The Economist: Disaster in Japan
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M. Ray PerrymanMarch 16, 2011 | 1,744 views | 1 comment
Horrific images of the earthquake of historic proportions and associated tsunami which devastated Japan continue to fill media outlets. The loss of life and tragic scenes are difficult to comprehend, and returning to normalcy seems an almost insurmountable task. As we go to press, the nuclear plant continues to present a potential crisis. While the human toll is beyond measure, the economic cost of the disaster is already being assessed.
Many of Japan’s largest factories remain shuttered. Power problems are widespread, and transportation is exceedingly difficult. Business losses mount each day and will continue to do so until production resumes. A huge outlay of funds will be required to rebuild commercial buildings, houses, and infrastructure.
The incident is also affecting economies around the globe, including those of the US and Texas. Japan is an important trading partner, and the events there are shaping indicators ranging from the US stock market to the nuclear power industry.
Trade is an important sector of the Japanese economy. The nation is ranked 5th in the world for total dollar amount of imports and exports according to the CIA World Fact Book. The US is Japan’s second largest import and export partner, after China. For the US, Japan is the fourth biggest export destination.
As the US leader in exports, Texas is a hub for world trade, exporting over $206 billion worth of goods in 2010. While Mexico is Texas’ largest trading partner by far, Texas exporters also have growing ties with East Asia. In fact, Japan ranked 10th as a partner for exports from Texas, which represented a dollar amount of almost $4.0 billion last year.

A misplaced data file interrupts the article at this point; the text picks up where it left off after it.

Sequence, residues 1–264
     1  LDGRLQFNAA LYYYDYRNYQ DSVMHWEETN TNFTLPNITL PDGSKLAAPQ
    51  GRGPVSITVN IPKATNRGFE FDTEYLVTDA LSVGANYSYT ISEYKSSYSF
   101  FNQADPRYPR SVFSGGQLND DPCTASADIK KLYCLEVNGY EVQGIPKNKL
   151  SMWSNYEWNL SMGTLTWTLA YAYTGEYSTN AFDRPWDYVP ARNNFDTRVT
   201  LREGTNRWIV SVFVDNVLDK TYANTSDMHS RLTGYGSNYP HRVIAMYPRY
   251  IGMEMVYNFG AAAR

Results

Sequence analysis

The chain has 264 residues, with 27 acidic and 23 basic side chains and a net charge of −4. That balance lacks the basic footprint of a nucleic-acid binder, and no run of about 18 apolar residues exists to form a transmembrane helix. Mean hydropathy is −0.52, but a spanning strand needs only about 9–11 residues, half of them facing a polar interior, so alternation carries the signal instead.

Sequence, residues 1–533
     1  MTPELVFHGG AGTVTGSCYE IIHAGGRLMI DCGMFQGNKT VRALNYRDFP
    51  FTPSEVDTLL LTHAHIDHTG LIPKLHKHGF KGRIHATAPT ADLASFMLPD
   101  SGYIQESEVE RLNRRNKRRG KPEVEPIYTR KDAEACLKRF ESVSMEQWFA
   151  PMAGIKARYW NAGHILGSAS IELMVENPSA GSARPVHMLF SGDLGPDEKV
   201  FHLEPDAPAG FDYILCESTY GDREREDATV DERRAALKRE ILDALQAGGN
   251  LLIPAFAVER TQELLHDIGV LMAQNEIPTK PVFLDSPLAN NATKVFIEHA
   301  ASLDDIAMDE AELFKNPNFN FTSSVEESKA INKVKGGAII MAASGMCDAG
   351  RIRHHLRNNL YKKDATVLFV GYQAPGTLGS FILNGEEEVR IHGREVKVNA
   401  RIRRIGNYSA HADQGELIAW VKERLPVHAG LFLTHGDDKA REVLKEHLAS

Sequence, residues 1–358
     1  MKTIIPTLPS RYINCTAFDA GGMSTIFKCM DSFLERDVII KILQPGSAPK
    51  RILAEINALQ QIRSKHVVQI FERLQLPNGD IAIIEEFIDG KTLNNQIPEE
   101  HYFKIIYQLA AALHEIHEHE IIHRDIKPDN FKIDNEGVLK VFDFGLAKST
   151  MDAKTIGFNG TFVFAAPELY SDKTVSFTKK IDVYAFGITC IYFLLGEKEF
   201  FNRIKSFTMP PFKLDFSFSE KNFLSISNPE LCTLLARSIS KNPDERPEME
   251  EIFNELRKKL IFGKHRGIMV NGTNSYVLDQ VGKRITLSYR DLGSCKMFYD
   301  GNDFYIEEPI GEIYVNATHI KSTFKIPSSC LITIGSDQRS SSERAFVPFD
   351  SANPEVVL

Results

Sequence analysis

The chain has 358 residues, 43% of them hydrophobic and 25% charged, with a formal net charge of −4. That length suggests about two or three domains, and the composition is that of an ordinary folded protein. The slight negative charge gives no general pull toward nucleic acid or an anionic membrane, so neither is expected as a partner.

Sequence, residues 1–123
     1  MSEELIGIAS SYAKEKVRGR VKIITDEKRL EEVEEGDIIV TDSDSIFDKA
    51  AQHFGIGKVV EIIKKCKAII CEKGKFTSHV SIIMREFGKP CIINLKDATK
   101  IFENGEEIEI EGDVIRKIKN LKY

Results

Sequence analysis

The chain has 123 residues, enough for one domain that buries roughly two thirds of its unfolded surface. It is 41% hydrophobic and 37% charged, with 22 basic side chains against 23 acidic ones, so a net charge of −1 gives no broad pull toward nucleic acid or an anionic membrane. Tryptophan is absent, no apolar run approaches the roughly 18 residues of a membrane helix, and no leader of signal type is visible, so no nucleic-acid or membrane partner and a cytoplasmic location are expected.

Texas merchandise exported to Japan in 2010 included chemicals (41.8% of all exports to Japan), computer and electronic products (17.6%), machinery, except electrical (10.6%), and transportation equipment (5.7%).
Texas also receives billions worth of imports from Japan. In 2010, 30.1% of imports from Japan were computer and electronic products. This was followed by machinery, except electrical (20.6%), transportation equipment (10.9%), and primary metal manufacturing (10.7%).
Japan has also been known to invest heavily in Texas. From 2005-2010, Japan represented 9% of all foreign direct investment (FDI) projects in Texas and was the fourth source country for FDI projects in Texas. These tens of billions of dollars in investment inflows continue to support jobs and other economic activity in the Lone Star State.
Stifling this activity will affect companies across the state and nation. Exporters will temporarily lose an important market for their products. Importers may face shortages of needed parts for manufacturing as well as end-use electronics, cars, trucks, and other items.
Another aspect of the fallout from the Japanese situation is a potential slowdown in the US nuclear industry. It has been decades since a new nuclear generation facility has come online in the US. Recently, however, proponents had gained some traction in adding new nuclear generation capacity, with projects well down the road in the southeastern US and in Texas. Support for these initiatives included federal loan guarantee programs instituted by former President Bush and slated for expansion by President Obama.
In Texas, nuclear generation represents an important source of diversification in the mix of input fuels used in power plants, thus contributing to price stability and predictability. In addition, nuclear fuels are completely clean burning, helping to ameliorate greenhouse gas issues.
The frightening prospect of a meltdown and release of radiation in Japan has sparked calls for stopping new construction. In fact, a major project in Texas has already been suspended for now. However, it is important to note that the plant in Japan is decades old, and newer facilities would be built with significantly advanced safety features.
With global economies only recently gaining momentum after the financial crisis, the timing of this setback may increase its effects. The Bank of Japan is pumping in funds at a rapid rate, but has little room to drop interest rates and is dealing with relatively high debt loads thanks to past efforts to stimulate the economy.
The magnitude of the economic damage will not be known for some time. The costs in terms of human suffering and loss of life are already immeasurable.
Dr. M. Ray Perryman is President and Chief Executive Officer of The Perryman Group ( http://www.perrymangroup.com). He also serves as Institute Distinguished Professor of Economic Theory and Method at the International Institute for Advanced Studies.
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